Do your eyes water or do you sneeze after playing with, cuddling or being near a furry animal (e.g., cat, dog, or horse)? Then you may be suffering from an animal allergy.
Animal allergy is triggered by animal dander, which contains a combination of fur, skin, and saliva. One in four people is allergic to cats and dogs. However, an animal allergy can also trigger severe allergic symptoms - dogs and cats are the third most common cause of allergic asthma behind mites and pollen.
Affected people usually own a pet themselves or have private or professional contact with one. However, the allergens can also be spread aerogenically or via other people or objects. Sensitisation to furry animals is common and is a risk factor for the development of rhinitis and asthma in both the home and work environment.
A comprehensive diagnosis is the first step in identifying the source of the allergy and the subsequent decision on further therapeutic measures. Diagnosis is made by means of a detailed anamnesis, skin test and determination of IgE against individual components of allergen sources.
As therapy, allergen avoidance and drug therapy according to ARIA guidelines are recommended before allergen-specific immunotherapy is considered.
For this purpose, ALEX2 contains all important allergen components of cat, dog, and horse.
- Fel d 1 (Uteroglobin; major allergen in 95% of cat allergic patients, indication for SIT, associated with risk of asthma)
- Fel d 2 (Serum albumin; minor allergen, cross-reactive, pork-cat syndrome)
- Fel d 4 (Lipocalin; second most important allergen, major allergen, cross-reactive to Equ c 1)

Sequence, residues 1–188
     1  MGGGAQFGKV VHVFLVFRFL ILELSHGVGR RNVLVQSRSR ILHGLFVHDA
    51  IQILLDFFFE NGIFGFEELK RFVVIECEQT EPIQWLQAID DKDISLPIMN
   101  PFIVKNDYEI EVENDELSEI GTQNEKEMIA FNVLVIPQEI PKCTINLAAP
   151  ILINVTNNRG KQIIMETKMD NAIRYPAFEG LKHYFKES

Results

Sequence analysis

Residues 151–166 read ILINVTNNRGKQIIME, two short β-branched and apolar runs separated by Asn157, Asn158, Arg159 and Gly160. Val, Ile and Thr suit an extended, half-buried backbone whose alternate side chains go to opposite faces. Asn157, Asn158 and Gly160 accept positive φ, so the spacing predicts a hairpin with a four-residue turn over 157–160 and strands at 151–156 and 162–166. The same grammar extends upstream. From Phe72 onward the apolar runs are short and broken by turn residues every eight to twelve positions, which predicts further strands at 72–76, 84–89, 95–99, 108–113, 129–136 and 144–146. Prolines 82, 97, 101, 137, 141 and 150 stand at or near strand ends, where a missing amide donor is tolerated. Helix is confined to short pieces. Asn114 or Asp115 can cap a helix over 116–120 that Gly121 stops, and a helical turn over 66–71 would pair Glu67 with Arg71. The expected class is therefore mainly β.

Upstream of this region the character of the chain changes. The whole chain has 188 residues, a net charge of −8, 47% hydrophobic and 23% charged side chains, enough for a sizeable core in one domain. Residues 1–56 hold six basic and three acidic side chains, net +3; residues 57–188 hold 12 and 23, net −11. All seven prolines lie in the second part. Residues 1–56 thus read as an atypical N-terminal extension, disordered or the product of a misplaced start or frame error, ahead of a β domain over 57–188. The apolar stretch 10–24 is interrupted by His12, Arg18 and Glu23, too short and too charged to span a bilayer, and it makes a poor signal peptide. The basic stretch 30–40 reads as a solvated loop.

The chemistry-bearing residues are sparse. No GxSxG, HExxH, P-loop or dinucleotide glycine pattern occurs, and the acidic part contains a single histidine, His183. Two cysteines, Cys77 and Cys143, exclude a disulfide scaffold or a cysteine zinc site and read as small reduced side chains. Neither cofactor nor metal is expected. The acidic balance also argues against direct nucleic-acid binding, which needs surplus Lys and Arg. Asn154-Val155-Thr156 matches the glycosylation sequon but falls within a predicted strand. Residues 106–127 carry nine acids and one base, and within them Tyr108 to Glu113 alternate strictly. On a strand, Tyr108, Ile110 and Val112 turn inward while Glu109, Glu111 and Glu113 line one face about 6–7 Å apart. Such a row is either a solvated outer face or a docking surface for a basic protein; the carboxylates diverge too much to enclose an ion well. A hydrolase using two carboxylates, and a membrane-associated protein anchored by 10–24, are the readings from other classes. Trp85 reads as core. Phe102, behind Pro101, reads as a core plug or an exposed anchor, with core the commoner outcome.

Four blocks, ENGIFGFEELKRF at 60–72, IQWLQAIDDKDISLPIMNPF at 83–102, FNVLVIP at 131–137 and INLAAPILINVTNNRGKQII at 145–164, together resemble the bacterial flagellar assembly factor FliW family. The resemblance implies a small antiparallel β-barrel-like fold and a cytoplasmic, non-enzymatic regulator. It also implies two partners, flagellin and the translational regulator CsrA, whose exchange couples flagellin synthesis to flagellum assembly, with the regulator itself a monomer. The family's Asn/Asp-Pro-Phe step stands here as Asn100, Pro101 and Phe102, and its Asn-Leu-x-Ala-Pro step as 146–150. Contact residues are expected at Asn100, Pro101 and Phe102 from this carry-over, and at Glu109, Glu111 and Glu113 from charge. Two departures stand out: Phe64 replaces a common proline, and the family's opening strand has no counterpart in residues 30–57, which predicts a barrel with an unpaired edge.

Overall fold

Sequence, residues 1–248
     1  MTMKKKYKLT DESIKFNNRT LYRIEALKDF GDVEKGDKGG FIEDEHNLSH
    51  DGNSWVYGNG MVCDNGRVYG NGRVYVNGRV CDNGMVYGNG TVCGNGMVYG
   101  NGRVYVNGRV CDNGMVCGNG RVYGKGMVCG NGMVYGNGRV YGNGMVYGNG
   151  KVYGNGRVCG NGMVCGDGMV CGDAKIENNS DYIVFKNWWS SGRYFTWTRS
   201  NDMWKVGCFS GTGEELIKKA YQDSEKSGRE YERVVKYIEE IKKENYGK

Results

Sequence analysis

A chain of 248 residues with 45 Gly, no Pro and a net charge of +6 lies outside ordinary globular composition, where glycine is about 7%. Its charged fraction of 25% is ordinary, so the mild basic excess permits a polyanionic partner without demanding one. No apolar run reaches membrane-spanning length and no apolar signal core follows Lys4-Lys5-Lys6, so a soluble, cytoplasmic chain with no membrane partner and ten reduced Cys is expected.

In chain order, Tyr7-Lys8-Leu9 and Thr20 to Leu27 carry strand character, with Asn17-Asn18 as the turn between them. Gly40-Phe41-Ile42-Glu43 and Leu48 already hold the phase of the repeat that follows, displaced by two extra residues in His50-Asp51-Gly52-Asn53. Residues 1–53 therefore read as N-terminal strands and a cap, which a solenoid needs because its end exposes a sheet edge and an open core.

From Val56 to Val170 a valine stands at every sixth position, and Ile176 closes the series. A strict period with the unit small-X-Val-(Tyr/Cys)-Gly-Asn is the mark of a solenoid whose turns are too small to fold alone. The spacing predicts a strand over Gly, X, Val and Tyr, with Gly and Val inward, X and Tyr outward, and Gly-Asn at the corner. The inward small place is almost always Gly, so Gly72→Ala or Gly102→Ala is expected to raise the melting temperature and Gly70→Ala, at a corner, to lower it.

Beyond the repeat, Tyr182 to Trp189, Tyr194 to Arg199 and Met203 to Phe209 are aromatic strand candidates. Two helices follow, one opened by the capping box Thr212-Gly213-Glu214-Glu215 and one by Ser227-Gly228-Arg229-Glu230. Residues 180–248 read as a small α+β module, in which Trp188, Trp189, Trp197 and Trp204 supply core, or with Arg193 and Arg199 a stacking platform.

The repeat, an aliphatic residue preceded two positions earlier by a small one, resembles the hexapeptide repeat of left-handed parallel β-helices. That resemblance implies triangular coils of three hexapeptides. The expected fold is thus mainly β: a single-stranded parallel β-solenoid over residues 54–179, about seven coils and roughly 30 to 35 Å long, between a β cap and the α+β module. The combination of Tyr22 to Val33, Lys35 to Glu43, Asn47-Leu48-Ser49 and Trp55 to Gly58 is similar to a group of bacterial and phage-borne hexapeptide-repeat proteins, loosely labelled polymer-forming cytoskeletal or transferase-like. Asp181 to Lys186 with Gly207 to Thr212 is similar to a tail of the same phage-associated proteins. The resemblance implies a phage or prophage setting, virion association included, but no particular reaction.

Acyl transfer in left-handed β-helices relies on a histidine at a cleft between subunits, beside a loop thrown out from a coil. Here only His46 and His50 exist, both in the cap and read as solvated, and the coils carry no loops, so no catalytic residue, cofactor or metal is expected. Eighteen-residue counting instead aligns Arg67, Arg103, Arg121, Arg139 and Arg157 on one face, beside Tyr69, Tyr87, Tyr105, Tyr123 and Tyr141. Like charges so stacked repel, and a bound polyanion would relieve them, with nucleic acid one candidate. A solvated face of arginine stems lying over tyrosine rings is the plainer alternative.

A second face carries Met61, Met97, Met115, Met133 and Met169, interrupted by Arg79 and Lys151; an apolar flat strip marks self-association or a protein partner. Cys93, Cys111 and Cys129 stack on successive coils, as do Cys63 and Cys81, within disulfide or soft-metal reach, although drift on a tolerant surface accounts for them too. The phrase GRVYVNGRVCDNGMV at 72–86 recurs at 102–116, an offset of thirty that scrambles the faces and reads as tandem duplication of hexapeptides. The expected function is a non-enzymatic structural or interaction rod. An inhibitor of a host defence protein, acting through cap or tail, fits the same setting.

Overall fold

- Fel d 7 (glandular protein)
When patients are allergic to cats, the main allergen Fel d 1 is usually the cause. 95% of cat allergy sufferers react to Fel d 1, which is mainly found in saliva, but also in the sebaceous glands and in urine. By licking when grooming, the cat spreads Fel d 1 all over its coat. Fel d 4 also plays an important role. Fel d 4 is a representative of a subgroup of lipocalins. These allergens are also found in other mammals, which is why cat allergy sufferers who are allergic to Fel d 4 can also cross-react to the allergens of dogs and horses. However, there are also exceptions, because eight allergens are already known from cats: Fel d 1, Fel d 2, Fel d 3, Fel d 4, Fel d 5, Fel d 6, Fel d 7 and Fel d 8. Apart from the main allergens Fel d 1 and Fel d 4, the remaining allergens are secondary allergens, which trigger an allergic reaction in less than 50 percent of cat allergy sufferers.
- Can f 1 (Lipocalin)
- Can f 2 (Lipocalin)
- Can f 3 (Serum Albumin; cross-reactive)
- Can f 4 (Lipocalin)
- Male dog urine incl. Can f 5 (Prostate kallikrein; major allergen)
- Can f 6 (Lipocalin)
- Can f Fel d 1 like (Fel d 1 like)
The major allergens of dogs, Can f 1 and Can f 5, are produced by each breed and are found in epithelium, dander, parotid gland, tongue glands and prostate. The main allergen in dogs is Can f 1, which 50-90% of dog allergic patients are sensitised to. About 70% of dog allergic patients are also sensitised to the prostatic kallikrein Can f 5, which can only be detected in the urine of male dogs. Fel d 1 as well as Can f 1 are detectable in households both with and without cats/dogs.
- Equ c 1 (Lipocalin; major allergen, cross-reactive to Fel d 4)
- Equ c 3 (Serum albumin)
- Equ c 4 (Latherin)
Among horse allergy sufferers, up to 76% are sensitised to Equ c 1, the main horse allergen.
60-70% of animal allergy sufferers are sensitised to extracts from different domestic animals - due to primary sensitisation or cross-reactivity.
Serum albumin is found in all mammals and is highly cross-reactive.
Lipocalins have low sequence homology. However, the Equ c 1 lipocalins of the horse and Fel d 4 of the cat are very similar and can lead to cross-reactions.
If IgE antibodies against two or more cross-reactive allergens are detected in a patient, the highest IgE value usually indicates primary sensitisation.
The ALEX2 Allergy Explorer has already been used for several studies. Can f 1 and Fel d 1 were identified as clinical markers for severe asthma in a study conducted in preschool children in North America. (1) In another study, patients with atopic dermatitis were evaluated using comprehensive ALEX2 panels. Patients suffering from severe atopic dermatitis in this study had high IgE levels against lipocalin and uteroglobin family proteins. (2)
- doi: 10.1111/all.13927
- doi: 10.3390/ijms22105286